I recently met a couple who lost their young son to cancer after a prolonged battle. I am sure they experienced every emotion and fear and doubt that I experienced in those few hours, but with greater intensity and prolonged over years instead of minutes. There was even a time when they thought he had won the fight and was in remission.
A woman from our church found out about her son’s death after he crashed his car on the way to the prom. I’m sure she experienced the same feelings of helplessness and hopelessness.
Surely my situation doesn’t compare to theirs.
That is the thing. They don’t compare. My pain doesn’t compare with your pain. My life doesn’t compare to your life. My faith doesn’t compare to your faith. We are all gifted by God with different hopes, different dreams, different courage and different faith. Because we all face different suffering, different heartache, different pain, and different loss. There is no way to compare ourselves with one other. There is no objective standard, no measuring rod.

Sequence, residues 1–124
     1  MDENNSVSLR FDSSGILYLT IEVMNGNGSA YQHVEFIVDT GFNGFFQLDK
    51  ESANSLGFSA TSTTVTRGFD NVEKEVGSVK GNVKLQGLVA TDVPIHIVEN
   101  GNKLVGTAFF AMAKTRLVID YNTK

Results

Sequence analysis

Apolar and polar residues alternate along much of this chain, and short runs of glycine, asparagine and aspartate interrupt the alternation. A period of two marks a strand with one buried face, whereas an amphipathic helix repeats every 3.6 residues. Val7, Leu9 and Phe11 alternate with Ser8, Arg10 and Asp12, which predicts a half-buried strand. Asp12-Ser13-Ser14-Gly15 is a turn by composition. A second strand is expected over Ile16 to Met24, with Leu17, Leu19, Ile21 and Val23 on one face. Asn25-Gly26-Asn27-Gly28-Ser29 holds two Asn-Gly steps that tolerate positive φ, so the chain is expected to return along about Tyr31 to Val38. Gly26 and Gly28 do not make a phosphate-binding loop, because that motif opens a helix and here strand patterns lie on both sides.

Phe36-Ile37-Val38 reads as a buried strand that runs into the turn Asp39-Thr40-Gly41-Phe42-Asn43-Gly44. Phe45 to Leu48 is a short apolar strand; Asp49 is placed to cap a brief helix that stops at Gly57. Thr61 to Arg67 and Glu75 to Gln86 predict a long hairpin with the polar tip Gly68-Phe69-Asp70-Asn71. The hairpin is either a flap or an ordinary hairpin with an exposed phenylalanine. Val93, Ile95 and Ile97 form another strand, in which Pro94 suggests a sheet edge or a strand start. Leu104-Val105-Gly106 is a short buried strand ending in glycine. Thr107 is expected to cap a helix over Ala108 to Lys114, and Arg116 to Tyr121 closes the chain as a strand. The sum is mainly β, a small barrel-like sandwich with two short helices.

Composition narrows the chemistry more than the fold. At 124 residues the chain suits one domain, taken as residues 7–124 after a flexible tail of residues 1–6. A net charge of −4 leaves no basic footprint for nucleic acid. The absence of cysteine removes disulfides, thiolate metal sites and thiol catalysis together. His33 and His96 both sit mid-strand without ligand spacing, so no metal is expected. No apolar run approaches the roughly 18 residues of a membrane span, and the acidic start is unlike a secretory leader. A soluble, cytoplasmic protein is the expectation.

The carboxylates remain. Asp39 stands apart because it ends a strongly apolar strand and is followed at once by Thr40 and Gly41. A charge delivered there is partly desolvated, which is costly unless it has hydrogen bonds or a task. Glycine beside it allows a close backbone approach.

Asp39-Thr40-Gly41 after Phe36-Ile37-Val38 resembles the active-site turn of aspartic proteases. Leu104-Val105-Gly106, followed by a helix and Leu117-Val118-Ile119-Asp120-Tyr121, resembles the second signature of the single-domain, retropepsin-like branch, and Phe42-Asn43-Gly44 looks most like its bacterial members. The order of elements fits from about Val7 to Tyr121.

And, besides, if there was a measuring rod, we would all fall into the deception of thinking that our lives are worse than somebody else’s, that life is unfair, or that we are better than someone else because of how we have lived our lives compared to them. And, I think we all know how destructive that is. It leads to bigotry, hatred, condescension, insults, arrogance, and that awful feeling that we are all alone, isolated from everyone around us.